Built with Indexhibit
We're all going to die horribly or how I learned to love Percy Pig.
'What we may be witnessing is not just the end of the Cold War, or the passing of a particular period of postwar history, but the end of history as such.... That is, the end point of mankind's ideological evolution and the universalisation of Western liberal democracy as the final form of human government.'
'The End of History and the Last Man', Francis Fukuyama
Is there a sense in which we have come to an end point of understanding, arriving at a culture of chaos and confusion which has come to dominate our world view? A blur of persistent vision from the ticker tape of 24/7 media which drowns out the ability to see beyond the noise?
In his book, 'The End of History and the Last Man', the political economist Francis Fukuyama argues we have reached an end point of humanity's sociocultural evolution, signaling the arrival of post-history, where liberal democracies clash intermittently with an 'historical' world of countries that have not yet made, nor indeed might wish to, such a transition. Post-history presents itself as the ultimate reality show, its ideal aesthetic that of the city as theme park. Culture and sophistication function as its veneer, but in tandem the 'junk-space' of shopping malls, convenience stores, and cheap furniture flourish, whilst a virtual space where 'twitter storms' is a concept and Kim Kardashian, presented as a 'reality' star perhaps fittingly seals her status via her backside.
Narcissism has rejected Culture in favour of the experience of self in the moment, outside of history, a mirror which continually projects the same flattened impression of presence. A place where Zoe Sugg, aka Zoella, the 24-year-old vlogger, can breathlessly present beauty, fashion, and lifestyle tips to over 4.9 million YouTube subscribers, with views often exceeding 12 million a month.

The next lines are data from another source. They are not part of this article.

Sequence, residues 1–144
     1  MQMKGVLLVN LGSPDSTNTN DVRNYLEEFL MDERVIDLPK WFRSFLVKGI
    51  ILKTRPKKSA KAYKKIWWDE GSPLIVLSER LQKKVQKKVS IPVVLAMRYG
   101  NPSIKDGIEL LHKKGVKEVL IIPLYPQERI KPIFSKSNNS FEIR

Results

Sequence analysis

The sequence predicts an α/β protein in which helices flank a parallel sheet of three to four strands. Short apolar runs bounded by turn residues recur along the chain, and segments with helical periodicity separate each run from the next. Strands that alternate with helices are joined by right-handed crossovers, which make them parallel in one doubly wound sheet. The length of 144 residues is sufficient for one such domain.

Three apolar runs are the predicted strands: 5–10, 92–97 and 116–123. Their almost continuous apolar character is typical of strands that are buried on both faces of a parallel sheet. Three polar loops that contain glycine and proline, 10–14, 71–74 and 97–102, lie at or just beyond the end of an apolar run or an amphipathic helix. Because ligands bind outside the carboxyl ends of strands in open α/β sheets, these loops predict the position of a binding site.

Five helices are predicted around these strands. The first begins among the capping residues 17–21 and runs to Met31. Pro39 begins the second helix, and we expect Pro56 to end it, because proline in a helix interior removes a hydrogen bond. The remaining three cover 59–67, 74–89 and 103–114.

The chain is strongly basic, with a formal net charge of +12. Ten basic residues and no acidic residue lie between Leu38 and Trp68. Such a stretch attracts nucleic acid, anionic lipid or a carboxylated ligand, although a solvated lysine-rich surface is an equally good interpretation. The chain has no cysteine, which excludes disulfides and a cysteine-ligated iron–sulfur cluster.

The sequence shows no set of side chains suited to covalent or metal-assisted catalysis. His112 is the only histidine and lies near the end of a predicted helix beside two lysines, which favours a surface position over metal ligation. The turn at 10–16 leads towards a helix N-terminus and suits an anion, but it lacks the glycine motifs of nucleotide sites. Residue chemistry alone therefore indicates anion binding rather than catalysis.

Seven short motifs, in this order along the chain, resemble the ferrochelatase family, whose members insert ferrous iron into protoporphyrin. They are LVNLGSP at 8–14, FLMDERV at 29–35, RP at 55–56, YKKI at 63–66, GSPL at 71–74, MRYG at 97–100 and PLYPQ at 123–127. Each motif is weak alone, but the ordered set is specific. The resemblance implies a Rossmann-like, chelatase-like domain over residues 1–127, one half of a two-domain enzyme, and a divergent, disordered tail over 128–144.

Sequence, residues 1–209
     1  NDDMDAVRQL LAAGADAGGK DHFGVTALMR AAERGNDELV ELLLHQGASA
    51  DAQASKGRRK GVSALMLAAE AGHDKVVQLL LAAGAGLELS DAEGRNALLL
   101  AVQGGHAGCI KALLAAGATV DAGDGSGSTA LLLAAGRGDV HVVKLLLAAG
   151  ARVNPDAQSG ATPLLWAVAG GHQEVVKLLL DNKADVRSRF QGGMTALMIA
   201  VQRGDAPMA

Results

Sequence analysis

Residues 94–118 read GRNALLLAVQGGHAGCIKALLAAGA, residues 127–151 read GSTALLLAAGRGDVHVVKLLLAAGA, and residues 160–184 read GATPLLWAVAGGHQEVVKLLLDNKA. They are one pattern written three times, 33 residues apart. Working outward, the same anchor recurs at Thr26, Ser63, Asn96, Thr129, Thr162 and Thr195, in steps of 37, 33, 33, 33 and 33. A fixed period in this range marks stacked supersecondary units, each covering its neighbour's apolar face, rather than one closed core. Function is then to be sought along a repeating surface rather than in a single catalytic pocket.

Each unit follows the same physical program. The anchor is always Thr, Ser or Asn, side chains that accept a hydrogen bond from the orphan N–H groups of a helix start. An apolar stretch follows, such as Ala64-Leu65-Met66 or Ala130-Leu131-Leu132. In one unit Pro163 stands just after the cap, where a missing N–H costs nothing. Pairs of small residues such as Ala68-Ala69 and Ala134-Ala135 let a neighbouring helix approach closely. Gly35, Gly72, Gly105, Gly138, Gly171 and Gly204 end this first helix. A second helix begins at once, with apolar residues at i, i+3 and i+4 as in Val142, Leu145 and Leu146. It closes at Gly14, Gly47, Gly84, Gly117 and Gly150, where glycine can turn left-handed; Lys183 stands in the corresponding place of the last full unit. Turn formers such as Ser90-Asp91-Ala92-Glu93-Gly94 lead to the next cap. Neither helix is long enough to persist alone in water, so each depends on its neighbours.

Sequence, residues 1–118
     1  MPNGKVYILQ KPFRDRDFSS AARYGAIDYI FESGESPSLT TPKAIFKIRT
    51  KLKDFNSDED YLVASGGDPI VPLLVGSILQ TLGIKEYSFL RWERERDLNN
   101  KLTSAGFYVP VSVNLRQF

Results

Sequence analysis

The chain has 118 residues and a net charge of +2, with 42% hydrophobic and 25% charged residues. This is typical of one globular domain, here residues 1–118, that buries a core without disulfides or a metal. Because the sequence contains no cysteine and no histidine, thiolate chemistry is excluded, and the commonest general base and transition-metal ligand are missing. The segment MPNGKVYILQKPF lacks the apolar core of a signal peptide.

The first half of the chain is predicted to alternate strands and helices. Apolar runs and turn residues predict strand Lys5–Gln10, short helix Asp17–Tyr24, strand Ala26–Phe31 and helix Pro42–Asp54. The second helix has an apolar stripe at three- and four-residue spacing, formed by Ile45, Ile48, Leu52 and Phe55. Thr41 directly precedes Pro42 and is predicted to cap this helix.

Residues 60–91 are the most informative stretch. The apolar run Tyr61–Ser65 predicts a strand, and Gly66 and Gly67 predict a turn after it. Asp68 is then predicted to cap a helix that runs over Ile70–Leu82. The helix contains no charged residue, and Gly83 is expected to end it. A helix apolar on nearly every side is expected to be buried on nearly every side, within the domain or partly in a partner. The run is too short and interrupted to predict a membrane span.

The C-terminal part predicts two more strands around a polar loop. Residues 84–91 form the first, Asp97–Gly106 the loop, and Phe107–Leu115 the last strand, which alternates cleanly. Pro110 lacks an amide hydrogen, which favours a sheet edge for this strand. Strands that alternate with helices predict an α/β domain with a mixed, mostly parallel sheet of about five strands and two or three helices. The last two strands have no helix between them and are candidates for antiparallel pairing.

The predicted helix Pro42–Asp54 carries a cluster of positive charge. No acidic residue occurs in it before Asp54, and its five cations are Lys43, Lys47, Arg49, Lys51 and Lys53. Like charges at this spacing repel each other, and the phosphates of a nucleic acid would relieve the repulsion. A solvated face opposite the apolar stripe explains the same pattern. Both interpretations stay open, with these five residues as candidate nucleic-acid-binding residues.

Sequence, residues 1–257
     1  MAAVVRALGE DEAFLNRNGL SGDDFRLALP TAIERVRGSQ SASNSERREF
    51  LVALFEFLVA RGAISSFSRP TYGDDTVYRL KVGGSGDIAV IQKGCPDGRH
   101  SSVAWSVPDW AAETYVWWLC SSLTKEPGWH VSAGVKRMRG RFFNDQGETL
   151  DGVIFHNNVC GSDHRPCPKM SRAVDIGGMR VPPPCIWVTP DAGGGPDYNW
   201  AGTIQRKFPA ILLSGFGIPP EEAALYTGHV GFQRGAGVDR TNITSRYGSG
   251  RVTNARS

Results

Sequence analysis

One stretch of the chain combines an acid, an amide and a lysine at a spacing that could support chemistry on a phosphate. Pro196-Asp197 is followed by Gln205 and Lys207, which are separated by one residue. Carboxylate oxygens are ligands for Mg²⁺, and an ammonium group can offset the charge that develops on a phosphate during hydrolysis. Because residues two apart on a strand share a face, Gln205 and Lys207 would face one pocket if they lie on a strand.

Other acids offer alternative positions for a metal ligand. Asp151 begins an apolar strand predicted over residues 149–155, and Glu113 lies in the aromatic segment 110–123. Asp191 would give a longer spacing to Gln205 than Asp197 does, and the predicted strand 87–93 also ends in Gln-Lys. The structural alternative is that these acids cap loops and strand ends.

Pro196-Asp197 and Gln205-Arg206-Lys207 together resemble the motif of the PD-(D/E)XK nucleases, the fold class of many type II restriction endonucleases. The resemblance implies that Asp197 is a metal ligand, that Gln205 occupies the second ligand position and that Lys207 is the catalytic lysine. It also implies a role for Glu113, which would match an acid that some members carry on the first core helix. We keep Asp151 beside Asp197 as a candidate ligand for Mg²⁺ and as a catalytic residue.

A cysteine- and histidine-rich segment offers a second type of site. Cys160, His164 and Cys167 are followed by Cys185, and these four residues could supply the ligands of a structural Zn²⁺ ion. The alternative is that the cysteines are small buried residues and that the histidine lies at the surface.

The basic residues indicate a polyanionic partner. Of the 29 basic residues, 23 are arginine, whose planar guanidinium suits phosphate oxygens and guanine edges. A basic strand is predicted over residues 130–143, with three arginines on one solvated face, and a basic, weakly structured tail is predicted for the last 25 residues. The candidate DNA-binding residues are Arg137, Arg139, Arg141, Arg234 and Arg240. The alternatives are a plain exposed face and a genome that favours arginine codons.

Jean Baudrillard spoke of,
'... the perfection of the social. Everything is here... the heaven of utopia..., hyper-information, hyper-sensibility...' which in his words has become '... a catastrophe in slow motion.'
As the tear gas canisters cascade across the plazas of Europe, the No Parking signs ripped out and used as weapons against the forces of (dis)order, the struggle to maintain the facade of wealth creation and privilege march on, whilst the fabric of the world grows ever more unstable. Shopping arcades hunch over empty units to let, millions 'disappear' into the statistics of Government schemes focused on austerity, and so charity shops compete with 99p stores. The patina of culture has shifted in an age where putting food on the table takes precedence over the idea of a leisurely trip to the nearest art gallery or theatre, yet perhaps this presents a new view of art - Infra-culture, that which plays to the gallery of the crowd.
If culture as a form is in a dialectic with the real, today it is the emptying of both which we see enacted around us. Illusion and fabrication are banished, the separation between them abolished, culture goes onto the streets and claims its everydayness; it claims to invest the whole of the real, dissolve into it, and at the same time transfigure it. But what has it become?